Long Beach musician Nate Jackson’s latest project, Devil Season, released its debut album this year. Photo by Isaac Larios.

In the heatwave-ridden summer of 2016, Nate Jackson was in a bind. The longtime musician felt an itch to write. He was pouring himself into his day job as music editor for the OC Weekly, but he found that since his previous band Peyote Players fizzed out about two years prior, he was no longer actively pursuing what he believed was his true calling.

So he holed himself up in his sweltering Long Beach apartment, and with just a bass guitar, a loop pedal and his voice, Jackson created an orchestra of sounds that served as the impetus for what would become his new project: Devil Season.

“Devil season is your time of trials,” Jackson says. “We all go through it and I think I’m still going through it. There’s never really a set time where you realize, oh, I have myself all figured out now. It’s always a continuous process. At this point in time, I thought, I’m fucking sweaty and kind of lost and a bit down on myself, but if I could turn that around, I know that I’m built for this.”

Needless to say, he has turned it around. “Going South,” the debut album of his new project Devil Season, came to fruition early this year with contributions from Chris Tsagakis (RX Bandits), who played drums and keys. It was released on vinyl via Tsagakis’ Headphone Music Label.

Jackson has since recruited his previous collaborators Paul Beville (bass), Ricky Atallah (drums), as well as Chris Walker (productions, keys, drums) to flesh out the sound from studio version to live. Jackson, Beville and Atallah grew up together at Servite High School in Anaheim, where they played in punk bands together. Peyote Players was their last project together, an amalgam of prog rock and fusion.

As Devil Season, Jackson’s soulful vocal chops take center stage, doubly so with the affected delays and harmonies that weave a dark, dreamlike labyrinth of angst, emotive falsettos and declarative hooks. Paired with psychedelic keys and punctuated by deep, syncopated bass lines and hard-cut breakbeats, this is a recipe that the band has honed relentlessly over the last year and half.

Most recently, after much trial and error, they arrived at “version three” of their configuration as they call it: melodies from the sample pad, along with a clicker, sound in each of their earpieces, keeping the band uniform and grounded.

“Now we’re using the sample pad as it’s intended,” Beville says. “It’s like our fifth member.”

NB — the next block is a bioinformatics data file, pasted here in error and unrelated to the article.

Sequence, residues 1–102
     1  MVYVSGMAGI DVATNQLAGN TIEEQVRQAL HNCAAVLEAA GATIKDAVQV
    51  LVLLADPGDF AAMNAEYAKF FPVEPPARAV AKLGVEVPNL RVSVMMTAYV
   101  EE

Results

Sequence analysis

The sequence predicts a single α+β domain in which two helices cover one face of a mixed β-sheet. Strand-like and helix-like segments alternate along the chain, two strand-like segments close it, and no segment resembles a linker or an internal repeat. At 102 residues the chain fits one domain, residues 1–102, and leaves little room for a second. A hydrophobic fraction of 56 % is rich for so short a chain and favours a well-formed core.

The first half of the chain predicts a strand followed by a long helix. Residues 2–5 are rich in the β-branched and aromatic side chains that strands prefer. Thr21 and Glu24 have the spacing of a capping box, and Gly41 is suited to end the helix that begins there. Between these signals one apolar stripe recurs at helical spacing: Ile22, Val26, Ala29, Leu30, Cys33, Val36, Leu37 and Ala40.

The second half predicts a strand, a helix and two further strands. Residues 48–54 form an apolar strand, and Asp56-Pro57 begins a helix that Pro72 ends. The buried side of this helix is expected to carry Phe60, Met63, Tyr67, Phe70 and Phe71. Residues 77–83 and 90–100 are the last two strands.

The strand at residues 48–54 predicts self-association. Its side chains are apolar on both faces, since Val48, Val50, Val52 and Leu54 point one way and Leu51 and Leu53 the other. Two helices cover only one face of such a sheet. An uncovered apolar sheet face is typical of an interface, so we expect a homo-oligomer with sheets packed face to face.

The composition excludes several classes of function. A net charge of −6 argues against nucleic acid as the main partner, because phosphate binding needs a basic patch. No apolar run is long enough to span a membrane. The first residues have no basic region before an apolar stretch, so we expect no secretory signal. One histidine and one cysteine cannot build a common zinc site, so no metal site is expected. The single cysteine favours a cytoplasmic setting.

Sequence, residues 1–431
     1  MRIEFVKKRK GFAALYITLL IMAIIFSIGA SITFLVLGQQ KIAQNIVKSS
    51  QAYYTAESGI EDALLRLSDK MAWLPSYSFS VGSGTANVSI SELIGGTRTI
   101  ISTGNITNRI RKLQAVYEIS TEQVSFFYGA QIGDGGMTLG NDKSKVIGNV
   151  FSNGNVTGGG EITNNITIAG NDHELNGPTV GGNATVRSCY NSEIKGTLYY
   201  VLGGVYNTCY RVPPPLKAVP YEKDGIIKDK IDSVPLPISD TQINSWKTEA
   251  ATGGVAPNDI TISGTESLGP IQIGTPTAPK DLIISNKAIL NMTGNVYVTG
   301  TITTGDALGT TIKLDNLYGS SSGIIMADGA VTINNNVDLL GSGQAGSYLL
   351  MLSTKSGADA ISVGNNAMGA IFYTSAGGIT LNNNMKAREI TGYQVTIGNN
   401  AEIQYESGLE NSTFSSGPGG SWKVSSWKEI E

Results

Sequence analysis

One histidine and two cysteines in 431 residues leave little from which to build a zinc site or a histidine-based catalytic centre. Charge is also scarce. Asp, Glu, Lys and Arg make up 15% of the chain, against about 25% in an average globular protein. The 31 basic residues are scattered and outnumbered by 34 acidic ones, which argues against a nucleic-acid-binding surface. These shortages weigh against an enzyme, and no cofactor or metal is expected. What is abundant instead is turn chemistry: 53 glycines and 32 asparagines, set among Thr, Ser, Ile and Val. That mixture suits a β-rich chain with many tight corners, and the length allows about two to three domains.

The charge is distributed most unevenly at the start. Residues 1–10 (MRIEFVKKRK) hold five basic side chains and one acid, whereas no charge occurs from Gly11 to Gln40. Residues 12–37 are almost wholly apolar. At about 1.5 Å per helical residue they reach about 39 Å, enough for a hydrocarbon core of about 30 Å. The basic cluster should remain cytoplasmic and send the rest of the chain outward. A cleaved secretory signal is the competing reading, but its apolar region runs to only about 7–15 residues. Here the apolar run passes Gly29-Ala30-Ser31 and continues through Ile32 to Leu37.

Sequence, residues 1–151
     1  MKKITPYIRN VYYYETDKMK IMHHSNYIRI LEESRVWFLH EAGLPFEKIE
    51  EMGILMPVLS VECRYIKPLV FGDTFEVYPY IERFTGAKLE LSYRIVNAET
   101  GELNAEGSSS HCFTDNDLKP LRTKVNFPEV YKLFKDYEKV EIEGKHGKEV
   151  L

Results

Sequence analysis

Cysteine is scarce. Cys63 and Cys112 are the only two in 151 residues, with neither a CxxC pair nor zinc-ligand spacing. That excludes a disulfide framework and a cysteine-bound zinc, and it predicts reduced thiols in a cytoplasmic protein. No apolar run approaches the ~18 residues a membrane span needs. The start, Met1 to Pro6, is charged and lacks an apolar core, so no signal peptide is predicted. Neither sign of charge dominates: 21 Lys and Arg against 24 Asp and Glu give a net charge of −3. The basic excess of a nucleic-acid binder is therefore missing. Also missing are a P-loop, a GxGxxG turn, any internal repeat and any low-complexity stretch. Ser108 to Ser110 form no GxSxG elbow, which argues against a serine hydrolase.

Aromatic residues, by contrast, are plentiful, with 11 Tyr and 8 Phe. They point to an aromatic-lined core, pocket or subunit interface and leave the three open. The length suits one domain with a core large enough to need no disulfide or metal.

This marriage of tried-and-true funk and soul elements along with the newer technologies of cuing samples and manipulating vocals in a live setting speaks to Devil Season’s affinity for the timeless groove in the modern day. “Daft Punk meets Prince” is how the band describes the core of its sound.

“We give people an element of what they’re somewhat used to, and give them something where it’s like, what the hell is that?” Jackson says. “[…]Putting yourself out there as a band that doesn’t jump on a wave that already exists makes you a little bit isolated, but it’s also in a place like Long Beach that it can work out pretty well because a lot of people are eclectic here.”

Long Beach musician Nate Jackson’s latest project, Devil Season, released its debut album this year. Photo by John Gilhooley.

That’s not to say that the band stays confined in its birthplace of Long Beach. Since forming in early 2017, Devil Season has already performed at SXSW two years in a row, each show better than the last. Their lack of a clearly defined genre elicits some confused reactions initially, but half the fun, Jackson explains, is watching the music click in the eyes of the audience gradually throughout a set.

“The emotions in songs and how we can connect with people, that’s really why I wrote these songs on the first album,” he says. “And now we’re amping everything up—it’s louder and dynamic, and ultimately the songs are just more powerful.”

Their newest single “Ruined”—released in June—reflects an elevated dynamic and a cut-throat confidence in their deviation from what’s familiar. Jackson says some people have obliquely alluded to Sublime when attempting to describe their sound, and he thinks that’s probably a byproduct of being unique from the current zeitgeist.

“The way I look at it is, if we can capture a little bit of that, then we’ve done Long Beach proud,” he says, chuckling. “Just by doing our own thing. That’s the only standard I’ve held this band to, other than sounding as good as we can for what we’re doing.”

Devil Season will perform at DiPiazza’s in Long Beach as part of the 3rd edition of the Happy Sundays Festival on Aug. 26 at 6:30 p.m. For more information, visit the Devil Season’s Facebook page here.

DiPiazza’s is at 5205 E. Pacific Coast Highway.